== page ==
Robert Burley Canadian chemist and NXEL GROVE photographer has documented the dismantling of the large factories of Kodak, Agfa and Polaroid. Radical and irrevocable photography paradigm shift has occurred in just ten years, and the author writes an obituary on the death of the chemical film. The disappearance of darkness book collects images of demolitions with explosives factories and the abandonment of family businesses developing and printing of photos. It is a book devoted to drafting, with words and images, an obituary on the death of photography as we knew it until only ten years ago. The radical and irrevocable paradigm shift of the art of obtaining, processing and copying images has been fulminating: digital photography has defeated and virtually erased from map to traditional techniques based on the chemical film in just ten years, says the author.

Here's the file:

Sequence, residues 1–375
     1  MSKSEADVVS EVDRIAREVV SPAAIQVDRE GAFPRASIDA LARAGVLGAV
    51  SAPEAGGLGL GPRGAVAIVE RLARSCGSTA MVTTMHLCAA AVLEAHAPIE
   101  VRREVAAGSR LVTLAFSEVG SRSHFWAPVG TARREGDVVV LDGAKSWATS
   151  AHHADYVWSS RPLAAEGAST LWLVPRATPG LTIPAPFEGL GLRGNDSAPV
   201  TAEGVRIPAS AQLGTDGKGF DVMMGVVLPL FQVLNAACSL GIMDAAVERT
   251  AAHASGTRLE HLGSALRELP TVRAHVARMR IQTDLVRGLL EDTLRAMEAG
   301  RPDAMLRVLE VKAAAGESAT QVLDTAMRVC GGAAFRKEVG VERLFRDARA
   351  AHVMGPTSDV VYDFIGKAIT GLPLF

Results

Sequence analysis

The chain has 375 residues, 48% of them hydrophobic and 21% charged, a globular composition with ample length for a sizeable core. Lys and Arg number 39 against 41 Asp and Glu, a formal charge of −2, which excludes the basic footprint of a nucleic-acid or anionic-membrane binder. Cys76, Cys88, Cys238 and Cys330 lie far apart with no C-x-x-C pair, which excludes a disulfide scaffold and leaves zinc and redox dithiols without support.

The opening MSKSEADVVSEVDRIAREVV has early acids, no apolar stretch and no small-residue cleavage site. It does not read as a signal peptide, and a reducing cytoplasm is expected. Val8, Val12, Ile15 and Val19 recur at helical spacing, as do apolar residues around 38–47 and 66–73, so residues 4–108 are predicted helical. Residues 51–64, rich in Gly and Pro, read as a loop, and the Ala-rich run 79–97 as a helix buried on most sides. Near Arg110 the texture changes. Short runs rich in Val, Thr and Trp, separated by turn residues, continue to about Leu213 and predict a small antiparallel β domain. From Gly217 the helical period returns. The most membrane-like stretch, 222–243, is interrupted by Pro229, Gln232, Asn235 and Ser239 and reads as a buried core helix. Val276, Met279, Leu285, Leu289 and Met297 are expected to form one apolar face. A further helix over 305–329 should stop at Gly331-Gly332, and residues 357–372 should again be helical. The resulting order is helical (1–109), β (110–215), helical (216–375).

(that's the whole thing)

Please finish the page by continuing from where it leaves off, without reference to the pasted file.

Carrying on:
Robert Burley, area coordinator of photography in the Faculty of Arts of image of Ryerson University in Toronto (Canada), is the author of the melancholy farewell. Conveniently, has given the physical book, analog The Dissappearance of Darkness: Photography at the End of the Analog Era (the disappearance of darkness: the picture at the end of the analog era). It just came out of the printing press and publishing house Princeton Architectural Press distributes it. Touch, smell, moved the author, who is also a well-known photographer dedicated to the study of the relationships between nature, architecture and cities, acknowledges in the preface of the work all over for analog photography. It is clear that the dark, chemical and physical type of photography that I lived during the first half of life will not survive until the second. My experience taking photographs, which involved not only see, but also to touch, smell and move around dark rooms with trays full of chemical baths and safety lights, extinguished. It has been replaced by instruments electronic, that allow me to, although some would say that they oblige me, manipulate intangible data on a bright screen, it adds.